Tag:Barry Turner
Posted on: October 24, 2009 7:08 pm
Edited on: October 25, 2009 3:02 am
 

State of Shock: Iowa State 9, Nebraska 7

The Huskers entered the stadium solemnly, four-by-four, arms interlocked as a show of unity.  A silent display to all, a statement that they would not be divided following a loss to Texas Tech the week before and and all the criticism that followed it.

The Cyclones entered the stadium not having won there since 1977.

As the old rhetorical question goes, "If you knew before the game that Nebraska's defense would hold the Cyclones, who were playing with a redshirt freshman at QB and another redshirt freshman replacing the Big XII's leading rusher, to nine points, would you think that the Huskers would win?"  Yes, that was a bit longer than your typical rhetorical question, but the point is made.  Most Husker fans would feel confident going into that contest, not knowing that the sum total of Nebraska's points would be a three-yard touchdown run by Dontrayevous Robinson.

Nebraska's first play from scrimmage resulted in a fumble (fittingly, it would later seem) by Roy Helu Jr.  Nebraska's last play ended in an interception by Zac Lee.  In between, there would be six more giveaways by the Husker offense.

The Cyclones, meanwhile, didn't turn the ball over even once, preserving the ball and a two-point victory that left Husker fans speechless, temporarily.

Temporarily I say, because my cell phone has already blown up with calls of "Fire Watson!", "Bench Lee!" and the suggestion that our trip next week to Waco, to watch the Huskers play Baylor, be canceled.

So, is the "pound of flesh" that Husker Nation demands warranted?

To be sure, an autopsy of this cold corpse of a game is needed, no matter how painful.

Following the Robinson score, Nebraska's defense stopped Iowa State and, after a punt, Nebraska's offense started at their own fourteen-yard line.  They moved the ball methodically to the Iowa State sixteen where a bizarre play that changed the entire complexion of the game occurred.  The Cyclones' Jesse Smith tipped a Lee pass intended for Mike McNeill which bounced around like an exploding kernel of popcorn and finally landed in his teammate's hands.  The game wasn't the same after that.

To be sure, this is not your father's Cyclones.  A fake punt on the next possession extended the Iowa State drive.  Jerome Tiller (one of the aformentioned redshirt freshmen) threw a 47-yard bomb to Jake Williams for a touchdown.  A recurring theme: Nebraska's defense played well overall, but gave up a huge, game-changing play.  And while the extra point was blocked by Ndamukong Suh, Nebraska would not lead again, let alone score.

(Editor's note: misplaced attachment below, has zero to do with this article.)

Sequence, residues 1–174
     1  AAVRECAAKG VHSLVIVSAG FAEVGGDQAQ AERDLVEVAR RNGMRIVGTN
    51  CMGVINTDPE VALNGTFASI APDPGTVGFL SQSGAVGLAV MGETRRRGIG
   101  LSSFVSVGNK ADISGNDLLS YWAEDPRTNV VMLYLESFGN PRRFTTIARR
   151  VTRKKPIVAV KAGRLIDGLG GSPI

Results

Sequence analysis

In the second quarter, Niles Paul dropped a sure touchdown catch as he was tripped up on his way to six points.  The ball dribbled into the end zone and was pounced upon by a Cyclone defender.  From touchdown to touchback in the blink of an eye.

On Iowa State's ensuing drive, it looked like Nebraska would force a turnover of their own as Barry Turner stripped a scrambling Tiller, but Jared Crick was unable to recover the fumble.  Any momentum that Nebraska might have gained was thwarted.

The Husker offense tried to compose themselves and drove down the field following a Cyclone punt.  Then Helu supposedly fumbled at the ISU two yard-line.  I say supposedly, because the call on the field was overturned when it seemed fairly cut and dried to everyone not wearing Iowa State colors (or black and white stripes).  Touchback.

Either way, Helu wasn't right.  Robinson's number was called.  For a while he shouldered Nebraska's offensive load and did it with an aggressive attitude, an attitude that ended up costing him and his team.  While running through Cyclone defenders in the red zone, Robinson gained a first down, was stood up at the ISU five and, while he was fighting for more yards, stripped of the ball.

The Cyclone offense was stopped once more by the Husker defense.  Nebraska again with the ball, their inconsistent offensive line playing almost the entire game without its starting center, Jacob Hickman, allowed a sack, bringing up third and fifteen.  Lee completed a pass to Menelik Holt, who was also stripped.  Cyclones' ball.

The Blackshirts again stopped Iowa State despite the Cyclones having their best field position of the day and Suh punctuated the defensive stop with another blocked kick that was returned by Sean Fisher to the Iowa State thirty-five.  However, the offense failed to get anything out of it.

If this sounds repetitive, well, it was.  All day, Nebraska's offense shot itself in the foot, the hand, the head and Nebraska's defense tried to keep the walking wounded of the offense in the game.  They couldn't.

Two more interceptions by Lee in the fourth quarter, as he tried to make something, anything happen and, in the end, Nebraska would have more turnovers (eight) than points.

The turnovers would breakdown this way: Helu fumble, Lee interception, Paul fumble, Helu fumble, Robinson fumble, Holt fumble, Lee interception, Lee interception.

Did Lee throw errant passes?  Yes.  But, while it's easy to point at the quarterback for the loss, his receivers had too many dropped passes.  The Huskers couldn't hold onto the ball when it mattered and tied their record for turnovers in a game.

Take nothing away from Iowa State.  Yes, they got lucky at times, but they also forced turnovers.  Again, Nebraska had eight giveaways.  Iowa State had none.  Nebraska lost by two points.  They were lucky that the margin was that small.  Against the powerhouses of the Big XII, they would have lost by five touchdowns or more.

So, you could blame Lee.  You could blame Watson.  But when the offense literally drops the ball on almost every possession, this is the result.  

Needless to say, it ain't pretty.  As ugly as a 9-7 game sounds in theory, this one was downright hideous.

 
 
 
 
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